Right now, in the mortal world, we must have children to insure the survival of the race. However, in the world to come there will be no more death. Like the angels, the number of men and women will be fixed. There will be no more propagation and thus no need for marriage. The celibate priest seeks a spiritual propagation through the conversion of souls. He finds his joy in the regeneration of new sons and daughters to the heavenly Father through spiritual adoption. Men and women will not become a homogeneous humanity in the risen life of the kingdom and neither shall we be strictly angels or ghosts. We shall share characteristics with angelic beings, no more suffering or death, friendship with God, etc.  But we shall be restored in body and soul.  Angels, properly speaking, were never born and have no physical bodies.  Just as not all angels are the same and they are ranked; it is my thought that maleness and femaleness will be ingredients in our demarcation. Of course, our matter has also been informed by our earthly life, our experiences, choices and perception. In other words, we will still have gender and our real selves will be resurrected; but it will be apart from marriage, the sexual drive and the generation of children. That plainly makes it all very different from how we currently understand, employ and struggle as physical-sexual ensouled beings. We count it as true because Christ has revealed it to us. Nevertheless, how it can be true and what it shall make of gender currently remains a puzzle to us. This is a far cry from the graphic and carnal afterlife imagined by many Moslem men in light of promises from the Koran. This makes the Catholic view one that is “in media res,” between a purely spiritual existence and one that merely mirrors, with some amplification, what we currently experience in the body.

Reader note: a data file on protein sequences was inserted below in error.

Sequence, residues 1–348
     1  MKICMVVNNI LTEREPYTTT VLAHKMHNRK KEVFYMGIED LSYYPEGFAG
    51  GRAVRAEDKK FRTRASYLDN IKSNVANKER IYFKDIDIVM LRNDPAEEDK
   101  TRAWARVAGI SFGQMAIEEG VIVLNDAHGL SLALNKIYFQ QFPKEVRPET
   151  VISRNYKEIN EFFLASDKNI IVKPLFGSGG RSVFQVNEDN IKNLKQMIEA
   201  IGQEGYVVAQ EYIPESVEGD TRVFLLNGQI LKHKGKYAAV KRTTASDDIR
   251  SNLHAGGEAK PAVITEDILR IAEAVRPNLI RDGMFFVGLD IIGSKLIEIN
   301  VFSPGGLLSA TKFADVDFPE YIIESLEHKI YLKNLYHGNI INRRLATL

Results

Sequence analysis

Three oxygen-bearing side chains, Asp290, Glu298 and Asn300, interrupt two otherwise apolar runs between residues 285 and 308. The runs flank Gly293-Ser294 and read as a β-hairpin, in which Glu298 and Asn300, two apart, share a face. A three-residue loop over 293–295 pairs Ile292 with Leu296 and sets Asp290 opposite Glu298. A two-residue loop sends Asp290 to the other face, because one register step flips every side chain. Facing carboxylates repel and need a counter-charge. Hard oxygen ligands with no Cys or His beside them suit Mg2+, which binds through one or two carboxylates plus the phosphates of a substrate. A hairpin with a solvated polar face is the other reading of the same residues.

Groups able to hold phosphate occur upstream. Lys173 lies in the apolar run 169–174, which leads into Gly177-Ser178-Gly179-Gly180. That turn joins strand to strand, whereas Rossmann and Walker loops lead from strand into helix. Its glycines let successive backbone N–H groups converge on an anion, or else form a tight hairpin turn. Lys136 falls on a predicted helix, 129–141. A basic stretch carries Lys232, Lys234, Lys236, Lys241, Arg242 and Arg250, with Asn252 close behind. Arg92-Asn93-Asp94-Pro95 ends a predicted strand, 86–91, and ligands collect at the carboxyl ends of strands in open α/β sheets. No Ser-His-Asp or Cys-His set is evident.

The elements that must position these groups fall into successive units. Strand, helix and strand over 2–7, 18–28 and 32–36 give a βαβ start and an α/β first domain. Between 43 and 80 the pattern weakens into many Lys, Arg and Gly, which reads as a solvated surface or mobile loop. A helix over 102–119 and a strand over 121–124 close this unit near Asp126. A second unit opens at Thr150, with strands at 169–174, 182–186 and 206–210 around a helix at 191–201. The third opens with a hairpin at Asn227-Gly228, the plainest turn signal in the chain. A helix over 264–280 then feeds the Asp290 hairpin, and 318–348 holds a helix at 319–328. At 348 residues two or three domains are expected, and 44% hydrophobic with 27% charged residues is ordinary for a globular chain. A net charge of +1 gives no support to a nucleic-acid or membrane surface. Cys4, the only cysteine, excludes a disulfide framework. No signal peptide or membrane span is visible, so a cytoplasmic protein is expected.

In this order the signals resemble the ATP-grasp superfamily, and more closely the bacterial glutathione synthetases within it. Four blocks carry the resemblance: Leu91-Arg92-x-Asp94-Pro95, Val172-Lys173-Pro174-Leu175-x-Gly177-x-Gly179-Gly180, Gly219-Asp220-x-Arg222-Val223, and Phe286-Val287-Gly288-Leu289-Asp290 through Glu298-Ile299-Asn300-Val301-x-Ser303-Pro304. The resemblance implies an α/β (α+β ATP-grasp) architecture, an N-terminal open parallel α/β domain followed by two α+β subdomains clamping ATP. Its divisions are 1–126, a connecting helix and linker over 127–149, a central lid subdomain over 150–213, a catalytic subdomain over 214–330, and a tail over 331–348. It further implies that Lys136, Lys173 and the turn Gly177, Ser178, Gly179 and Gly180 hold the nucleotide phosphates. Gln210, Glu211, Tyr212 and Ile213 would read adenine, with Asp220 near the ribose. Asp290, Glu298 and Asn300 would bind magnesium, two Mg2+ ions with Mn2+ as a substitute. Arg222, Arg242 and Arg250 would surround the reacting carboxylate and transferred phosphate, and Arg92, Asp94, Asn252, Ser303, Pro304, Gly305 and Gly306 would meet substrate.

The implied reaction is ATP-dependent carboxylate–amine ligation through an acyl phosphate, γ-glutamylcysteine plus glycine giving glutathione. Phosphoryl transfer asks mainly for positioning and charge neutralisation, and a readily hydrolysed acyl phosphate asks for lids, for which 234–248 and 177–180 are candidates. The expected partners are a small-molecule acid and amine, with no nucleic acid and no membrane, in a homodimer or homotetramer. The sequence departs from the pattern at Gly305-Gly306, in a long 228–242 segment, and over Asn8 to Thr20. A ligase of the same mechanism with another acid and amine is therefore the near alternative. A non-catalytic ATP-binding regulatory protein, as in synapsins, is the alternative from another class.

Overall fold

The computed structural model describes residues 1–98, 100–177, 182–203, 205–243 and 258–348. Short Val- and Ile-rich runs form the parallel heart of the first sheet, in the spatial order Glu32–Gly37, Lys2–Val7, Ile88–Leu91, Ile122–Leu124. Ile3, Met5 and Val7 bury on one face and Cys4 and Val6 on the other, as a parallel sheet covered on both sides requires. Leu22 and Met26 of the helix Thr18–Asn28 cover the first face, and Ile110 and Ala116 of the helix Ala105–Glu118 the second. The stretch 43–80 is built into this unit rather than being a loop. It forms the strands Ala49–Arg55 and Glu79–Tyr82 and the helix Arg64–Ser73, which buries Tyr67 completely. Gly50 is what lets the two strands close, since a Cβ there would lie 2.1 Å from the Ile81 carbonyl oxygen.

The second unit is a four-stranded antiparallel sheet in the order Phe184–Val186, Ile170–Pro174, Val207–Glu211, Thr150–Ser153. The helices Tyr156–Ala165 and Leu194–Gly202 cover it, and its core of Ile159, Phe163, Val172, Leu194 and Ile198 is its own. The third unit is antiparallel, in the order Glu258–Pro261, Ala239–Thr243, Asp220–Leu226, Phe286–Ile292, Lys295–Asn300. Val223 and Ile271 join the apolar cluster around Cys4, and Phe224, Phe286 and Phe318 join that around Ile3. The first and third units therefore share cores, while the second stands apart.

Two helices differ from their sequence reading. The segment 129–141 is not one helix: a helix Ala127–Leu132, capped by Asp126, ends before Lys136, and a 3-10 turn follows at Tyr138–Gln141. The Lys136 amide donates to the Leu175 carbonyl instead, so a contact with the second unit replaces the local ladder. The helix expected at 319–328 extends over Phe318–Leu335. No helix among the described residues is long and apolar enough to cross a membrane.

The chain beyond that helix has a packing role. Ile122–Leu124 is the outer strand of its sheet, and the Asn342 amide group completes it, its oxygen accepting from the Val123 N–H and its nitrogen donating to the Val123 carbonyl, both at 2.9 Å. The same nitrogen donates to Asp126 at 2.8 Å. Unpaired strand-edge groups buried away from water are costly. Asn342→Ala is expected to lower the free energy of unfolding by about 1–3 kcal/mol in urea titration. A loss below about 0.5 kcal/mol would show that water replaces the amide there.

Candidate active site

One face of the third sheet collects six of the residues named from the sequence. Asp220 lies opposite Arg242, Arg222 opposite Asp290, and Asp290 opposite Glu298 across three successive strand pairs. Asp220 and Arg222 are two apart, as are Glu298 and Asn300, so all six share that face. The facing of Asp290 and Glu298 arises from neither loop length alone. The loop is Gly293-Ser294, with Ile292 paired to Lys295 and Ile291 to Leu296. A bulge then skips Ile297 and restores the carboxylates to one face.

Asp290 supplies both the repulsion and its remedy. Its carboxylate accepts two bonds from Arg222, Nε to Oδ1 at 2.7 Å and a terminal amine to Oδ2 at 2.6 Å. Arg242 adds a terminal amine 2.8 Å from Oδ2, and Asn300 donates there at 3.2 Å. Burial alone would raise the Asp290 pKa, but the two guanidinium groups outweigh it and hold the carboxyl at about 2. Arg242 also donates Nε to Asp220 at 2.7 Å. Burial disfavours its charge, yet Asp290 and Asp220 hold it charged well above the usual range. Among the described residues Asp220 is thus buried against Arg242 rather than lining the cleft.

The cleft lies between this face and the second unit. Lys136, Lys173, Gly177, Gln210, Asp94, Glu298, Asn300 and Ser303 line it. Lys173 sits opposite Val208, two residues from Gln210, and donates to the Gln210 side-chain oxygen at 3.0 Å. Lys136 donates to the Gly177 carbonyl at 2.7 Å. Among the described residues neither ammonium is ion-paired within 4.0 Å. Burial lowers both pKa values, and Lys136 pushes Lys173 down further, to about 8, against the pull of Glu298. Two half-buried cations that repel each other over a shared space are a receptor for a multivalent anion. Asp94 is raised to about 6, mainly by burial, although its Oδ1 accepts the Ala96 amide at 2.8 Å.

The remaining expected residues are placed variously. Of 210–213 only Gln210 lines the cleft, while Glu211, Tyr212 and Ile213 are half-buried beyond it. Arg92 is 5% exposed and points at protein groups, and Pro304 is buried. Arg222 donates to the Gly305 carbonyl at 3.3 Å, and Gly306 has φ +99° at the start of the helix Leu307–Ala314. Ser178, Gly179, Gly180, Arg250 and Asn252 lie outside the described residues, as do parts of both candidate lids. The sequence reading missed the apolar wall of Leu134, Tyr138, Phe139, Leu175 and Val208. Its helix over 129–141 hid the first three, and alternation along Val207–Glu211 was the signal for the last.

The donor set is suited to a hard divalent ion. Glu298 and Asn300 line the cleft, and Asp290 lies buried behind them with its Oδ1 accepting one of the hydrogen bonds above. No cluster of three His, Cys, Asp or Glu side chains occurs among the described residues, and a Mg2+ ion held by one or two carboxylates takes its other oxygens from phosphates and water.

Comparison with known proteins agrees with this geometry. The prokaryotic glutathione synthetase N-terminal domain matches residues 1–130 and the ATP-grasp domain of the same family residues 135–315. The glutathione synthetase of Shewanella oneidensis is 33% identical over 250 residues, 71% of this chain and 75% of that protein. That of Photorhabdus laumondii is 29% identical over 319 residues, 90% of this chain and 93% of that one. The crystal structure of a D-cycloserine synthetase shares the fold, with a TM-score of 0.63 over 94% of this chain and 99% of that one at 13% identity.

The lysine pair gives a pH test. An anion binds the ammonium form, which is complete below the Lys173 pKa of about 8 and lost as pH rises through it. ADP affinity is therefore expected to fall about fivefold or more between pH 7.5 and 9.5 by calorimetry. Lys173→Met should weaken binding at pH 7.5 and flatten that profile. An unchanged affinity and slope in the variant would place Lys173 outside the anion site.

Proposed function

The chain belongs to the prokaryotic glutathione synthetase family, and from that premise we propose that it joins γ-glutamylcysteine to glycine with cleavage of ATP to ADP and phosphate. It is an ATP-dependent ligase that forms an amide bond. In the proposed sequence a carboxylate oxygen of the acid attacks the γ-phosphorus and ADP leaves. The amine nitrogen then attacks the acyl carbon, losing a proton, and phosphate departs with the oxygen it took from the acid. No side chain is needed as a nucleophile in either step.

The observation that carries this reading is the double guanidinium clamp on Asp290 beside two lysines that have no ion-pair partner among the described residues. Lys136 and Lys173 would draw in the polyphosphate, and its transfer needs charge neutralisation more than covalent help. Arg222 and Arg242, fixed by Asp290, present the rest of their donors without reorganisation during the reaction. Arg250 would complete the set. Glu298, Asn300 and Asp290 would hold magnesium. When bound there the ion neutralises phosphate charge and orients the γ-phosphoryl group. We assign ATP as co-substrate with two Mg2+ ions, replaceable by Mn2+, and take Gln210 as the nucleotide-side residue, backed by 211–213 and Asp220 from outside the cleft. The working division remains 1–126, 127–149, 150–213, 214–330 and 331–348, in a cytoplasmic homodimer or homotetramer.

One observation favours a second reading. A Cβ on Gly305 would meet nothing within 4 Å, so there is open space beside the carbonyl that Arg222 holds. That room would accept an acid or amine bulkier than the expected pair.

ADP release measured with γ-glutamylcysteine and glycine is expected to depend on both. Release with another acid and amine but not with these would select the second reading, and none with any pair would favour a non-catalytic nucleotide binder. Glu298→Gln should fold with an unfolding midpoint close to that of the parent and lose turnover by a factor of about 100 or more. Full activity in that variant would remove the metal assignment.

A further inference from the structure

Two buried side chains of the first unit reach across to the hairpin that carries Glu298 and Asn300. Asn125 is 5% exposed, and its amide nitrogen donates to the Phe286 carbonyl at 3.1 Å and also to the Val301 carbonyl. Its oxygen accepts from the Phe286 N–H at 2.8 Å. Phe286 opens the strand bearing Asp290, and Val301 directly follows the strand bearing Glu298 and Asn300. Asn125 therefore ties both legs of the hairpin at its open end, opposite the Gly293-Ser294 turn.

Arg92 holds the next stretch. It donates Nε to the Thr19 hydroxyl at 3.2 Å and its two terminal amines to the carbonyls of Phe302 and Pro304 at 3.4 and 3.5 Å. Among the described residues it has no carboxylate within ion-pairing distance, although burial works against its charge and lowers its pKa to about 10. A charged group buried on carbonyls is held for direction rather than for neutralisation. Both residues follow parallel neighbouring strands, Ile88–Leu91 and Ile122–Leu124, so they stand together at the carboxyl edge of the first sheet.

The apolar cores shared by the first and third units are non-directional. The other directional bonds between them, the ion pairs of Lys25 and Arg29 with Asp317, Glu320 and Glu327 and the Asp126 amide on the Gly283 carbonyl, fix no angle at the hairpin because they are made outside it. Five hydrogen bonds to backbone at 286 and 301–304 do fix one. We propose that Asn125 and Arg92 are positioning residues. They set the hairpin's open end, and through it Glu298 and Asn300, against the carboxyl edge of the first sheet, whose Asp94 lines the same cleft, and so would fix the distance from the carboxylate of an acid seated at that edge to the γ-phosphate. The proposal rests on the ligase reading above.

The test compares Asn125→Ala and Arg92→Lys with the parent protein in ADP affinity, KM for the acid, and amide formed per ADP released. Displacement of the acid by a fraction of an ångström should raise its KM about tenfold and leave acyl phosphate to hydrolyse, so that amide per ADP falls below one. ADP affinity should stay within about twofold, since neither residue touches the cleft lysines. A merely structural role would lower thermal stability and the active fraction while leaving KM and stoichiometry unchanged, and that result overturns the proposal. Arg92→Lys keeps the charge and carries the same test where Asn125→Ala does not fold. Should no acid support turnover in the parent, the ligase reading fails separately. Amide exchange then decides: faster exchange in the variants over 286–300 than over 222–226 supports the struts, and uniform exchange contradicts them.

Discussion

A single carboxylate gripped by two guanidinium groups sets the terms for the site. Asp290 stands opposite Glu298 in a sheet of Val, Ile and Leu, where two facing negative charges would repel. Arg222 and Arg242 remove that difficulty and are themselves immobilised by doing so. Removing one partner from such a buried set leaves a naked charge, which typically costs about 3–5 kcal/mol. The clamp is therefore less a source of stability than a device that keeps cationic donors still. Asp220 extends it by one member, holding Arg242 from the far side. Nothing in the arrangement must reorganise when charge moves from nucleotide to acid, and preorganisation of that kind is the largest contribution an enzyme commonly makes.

Priesty Celibacy – Qualified to Speak on Marriage